In the five years since President Xi Jinping first proposed the Belt and Road Initiative (BRI), facilitating the flow of free trade has been a key aspect of the initiative.
Since its establishment, China has been committed to lowering trade barriers along the Belt and Road route, making it a major trading partner of most of the countries involved.
As trade has developed, certain products have emerged as being particularly popular among the Belt and Road countries.
While many may associate “made in China” with high-speed rail or clothing, the top three products exported from China along the BRI route are computers, phone equipment and integrated circuits.
The popularity of these products reflects the rapid development currently underway along the Belt and Road route, with many up-and-coming tech markets emerging and forging highly reciprocal demand with China.
When it comes to phone and computing equipment, Chinese products are particularly sought after in countries like South Korea, India and the UAE.
By the second quarter of 2018, Chinese mobile phone brands had taken up around half of the Indian smartphone market, an incredibly dynamic sector riding on fast growth and high demand from a young and increasingly prosperous population.
China is the world’s largest manufacturer of smartphones and computers, producing 90 percent of the world’s total.
According to data from research company Gartner, in the second quarter of 2018, three Chinese companies — Huawei, Xiaomi and OPPO — were among the world’s five biggest-selling brands in terms of sales volume.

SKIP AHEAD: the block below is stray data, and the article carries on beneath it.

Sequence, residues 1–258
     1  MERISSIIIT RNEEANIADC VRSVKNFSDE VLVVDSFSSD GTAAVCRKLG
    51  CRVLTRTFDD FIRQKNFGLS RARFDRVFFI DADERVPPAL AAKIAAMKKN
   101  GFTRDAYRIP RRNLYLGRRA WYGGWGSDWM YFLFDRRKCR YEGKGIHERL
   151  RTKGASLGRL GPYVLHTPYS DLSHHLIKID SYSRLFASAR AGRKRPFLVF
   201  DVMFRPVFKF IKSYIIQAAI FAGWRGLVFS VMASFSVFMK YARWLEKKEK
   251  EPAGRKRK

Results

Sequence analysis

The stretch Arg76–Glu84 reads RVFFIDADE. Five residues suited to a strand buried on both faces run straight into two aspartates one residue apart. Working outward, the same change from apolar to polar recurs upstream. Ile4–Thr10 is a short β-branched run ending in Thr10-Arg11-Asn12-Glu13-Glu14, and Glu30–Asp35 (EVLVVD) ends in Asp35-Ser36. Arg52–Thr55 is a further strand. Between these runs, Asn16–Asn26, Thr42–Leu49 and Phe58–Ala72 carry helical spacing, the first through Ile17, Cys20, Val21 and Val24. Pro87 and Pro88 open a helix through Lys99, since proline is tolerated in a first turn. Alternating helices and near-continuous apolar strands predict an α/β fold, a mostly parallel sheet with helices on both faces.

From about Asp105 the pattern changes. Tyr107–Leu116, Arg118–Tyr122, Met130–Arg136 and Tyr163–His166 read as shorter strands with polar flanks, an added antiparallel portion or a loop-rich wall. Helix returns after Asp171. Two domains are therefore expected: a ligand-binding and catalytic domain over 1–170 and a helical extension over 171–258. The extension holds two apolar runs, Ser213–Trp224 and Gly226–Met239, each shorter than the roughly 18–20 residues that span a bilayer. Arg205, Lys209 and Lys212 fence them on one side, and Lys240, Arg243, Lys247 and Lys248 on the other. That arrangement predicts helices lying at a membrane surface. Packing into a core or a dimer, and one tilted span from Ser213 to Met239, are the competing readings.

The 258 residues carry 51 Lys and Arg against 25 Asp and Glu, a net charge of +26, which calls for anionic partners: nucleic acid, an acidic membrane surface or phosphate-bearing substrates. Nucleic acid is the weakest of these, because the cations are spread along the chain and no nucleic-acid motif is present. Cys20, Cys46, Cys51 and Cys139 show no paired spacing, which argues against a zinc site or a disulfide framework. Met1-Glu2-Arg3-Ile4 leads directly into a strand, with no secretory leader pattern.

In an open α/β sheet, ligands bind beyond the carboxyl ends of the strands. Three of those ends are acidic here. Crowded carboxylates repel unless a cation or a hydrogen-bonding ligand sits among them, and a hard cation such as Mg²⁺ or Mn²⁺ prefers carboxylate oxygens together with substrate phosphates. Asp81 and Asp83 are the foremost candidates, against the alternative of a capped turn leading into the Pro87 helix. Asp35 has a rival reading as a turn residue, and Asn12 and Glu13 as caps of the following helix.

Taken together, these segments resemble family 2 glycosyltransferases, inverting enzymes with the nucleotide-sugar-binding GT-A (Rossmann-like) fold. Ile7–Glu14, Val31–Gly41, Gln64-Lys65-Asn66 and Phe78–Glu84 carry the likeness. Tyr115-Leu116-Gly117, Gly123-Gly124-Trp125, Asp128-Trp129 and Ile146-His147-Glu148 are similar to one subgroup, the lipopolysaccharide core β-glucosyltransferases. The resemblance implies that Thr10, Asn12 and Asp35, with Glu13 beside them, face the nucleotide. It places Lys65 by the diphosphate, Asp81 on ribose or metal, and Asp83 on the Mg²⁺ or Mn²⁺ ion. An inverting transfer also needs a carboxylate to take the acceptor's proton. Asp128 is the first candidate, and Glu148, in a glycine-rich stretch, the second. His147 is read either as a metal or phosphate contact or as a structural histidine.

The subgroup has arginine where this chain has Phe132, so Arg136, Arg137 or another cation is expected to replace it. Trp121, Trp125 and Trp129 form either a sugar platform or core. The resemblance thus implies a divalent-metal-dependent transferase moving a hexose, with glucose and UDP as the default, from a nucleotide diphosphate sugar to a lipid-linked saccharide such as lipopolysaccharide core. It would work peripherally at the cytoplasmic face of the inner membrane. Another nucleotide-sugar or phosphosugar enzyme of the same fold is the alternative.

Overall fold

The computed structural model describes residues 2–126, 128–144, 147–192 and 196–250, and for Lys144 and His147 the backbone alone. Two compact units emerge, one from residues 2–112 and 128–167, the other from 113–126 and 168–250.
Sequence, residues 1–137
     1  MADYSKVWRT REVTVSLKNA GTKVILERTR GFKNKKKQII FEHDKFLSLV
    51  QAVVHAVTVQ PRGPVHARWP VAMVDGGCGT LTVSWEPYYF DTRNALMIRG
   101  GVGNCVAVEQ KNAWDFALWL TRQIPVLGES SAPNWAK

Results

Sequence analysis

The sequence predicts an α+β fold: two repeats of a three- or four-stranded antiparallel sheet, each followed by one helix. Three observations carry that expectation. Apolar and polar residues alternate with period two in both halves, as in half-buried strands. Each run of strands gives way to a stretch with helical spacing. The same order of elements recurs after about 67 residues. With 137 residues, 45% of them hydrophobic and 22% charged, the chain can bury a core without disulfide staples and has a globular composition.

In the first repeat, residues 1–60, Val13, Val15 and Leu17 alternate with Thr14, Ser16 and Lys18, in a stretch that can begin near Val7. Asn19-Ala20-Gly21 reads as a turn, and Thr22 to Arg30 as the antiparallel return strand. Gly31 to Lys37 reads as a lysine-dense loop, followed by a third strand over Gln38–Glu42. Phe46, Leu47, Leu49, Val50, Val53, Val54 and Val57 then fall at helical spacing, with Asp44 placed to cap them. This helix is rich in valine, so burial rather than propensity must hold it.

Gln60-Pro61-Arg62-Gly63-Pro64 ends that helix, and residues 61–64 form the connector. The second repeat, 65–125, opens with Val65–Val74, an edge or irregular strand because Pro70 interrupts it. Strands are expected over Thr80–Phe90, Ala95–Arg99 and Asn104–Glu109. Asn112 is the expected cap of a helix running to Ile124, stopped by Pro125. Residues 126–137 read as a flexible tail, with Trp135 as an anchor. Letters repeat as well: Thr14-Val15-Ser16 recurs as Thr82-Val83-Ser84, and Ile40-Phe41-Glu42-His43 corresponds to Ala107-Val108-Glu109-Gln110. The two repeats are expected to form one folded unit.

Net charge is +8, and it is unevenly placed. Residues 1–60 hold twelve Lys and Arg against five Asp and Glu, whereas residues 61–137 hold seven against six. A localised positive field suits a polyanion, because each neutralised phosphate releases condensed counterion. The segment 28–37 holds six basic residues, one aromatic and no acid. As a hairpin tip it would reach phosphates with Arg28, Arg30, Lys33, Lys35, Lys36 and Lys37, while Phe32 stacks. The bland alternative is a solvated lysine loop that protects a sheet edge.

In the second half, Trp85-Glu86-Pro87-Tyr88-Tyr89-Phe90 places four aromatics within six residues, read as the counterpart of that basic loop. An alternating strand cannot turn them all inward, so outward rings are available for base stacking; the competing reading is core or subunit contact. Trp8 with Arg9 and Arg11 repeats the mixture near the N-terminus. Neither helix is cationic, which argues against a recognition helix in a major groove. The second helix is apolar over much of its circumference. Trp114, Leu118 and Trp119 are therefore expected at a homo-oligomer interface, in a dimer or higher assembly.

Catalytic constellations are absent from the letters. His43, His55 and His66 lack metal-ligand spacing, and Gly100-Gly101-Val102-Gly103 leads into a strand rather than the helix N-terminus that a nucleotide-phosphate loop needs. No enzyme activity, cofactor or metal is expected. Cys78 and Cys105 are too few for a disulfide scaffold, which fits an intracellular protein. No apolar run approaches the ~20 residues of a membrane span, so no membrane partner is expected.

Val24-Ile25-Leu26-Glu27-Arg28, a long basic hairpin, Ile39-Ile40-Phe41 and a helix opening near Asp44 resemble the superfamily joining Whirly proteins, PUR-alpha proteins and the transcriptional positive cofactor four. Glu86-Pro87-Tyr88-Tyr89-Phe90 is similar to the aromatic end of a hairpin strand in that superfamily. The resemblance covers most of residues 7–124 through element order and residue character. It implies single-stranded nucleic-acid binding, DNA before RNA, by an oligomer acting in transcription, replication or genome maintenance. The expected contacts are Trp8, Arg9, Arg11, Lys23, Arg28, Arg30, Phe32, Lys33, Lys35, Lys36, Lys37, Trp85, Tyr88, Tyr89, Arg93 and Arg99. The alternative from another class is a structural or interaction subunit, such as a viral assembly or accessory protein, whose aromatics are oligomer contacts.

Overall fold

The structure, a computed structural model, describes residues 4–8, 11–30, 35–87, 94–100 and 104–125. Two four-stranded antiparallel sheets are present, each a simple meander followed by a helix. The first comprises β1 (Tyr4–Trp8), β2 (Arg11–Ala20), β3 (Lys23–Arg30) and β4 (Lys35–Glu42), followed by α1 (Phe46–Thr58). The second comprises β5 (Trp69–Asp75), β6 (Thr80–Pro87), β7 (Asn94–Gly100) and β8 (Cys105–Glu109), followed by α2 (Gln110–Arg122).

Huawei has been particularly successful in its global expansion, overtaking Apple to become the world’s No. 2 smartphone brand behind Samsung.
With increasing investment in research and development, “Made in China” is no longer a label connected to low-cost mass labor, but a brand in its own right driven by innovation.
While computers and phone equipment have been the two most popular BRI exports for six consecutive years since 2013, integrated circuits, regarded as the keystones to modern technology, surpassed oil in 2015 to become the No. 3 export from China to the Belt and Road countries.
China’s growing prowess in the integrated circuit sector comes after the establishment of the National Integrated Circuitry Investment Fund in 2014, which has pumped billions of US dollars’ worth of investment into some 50 domestic chip manufacturers, according to China Daily.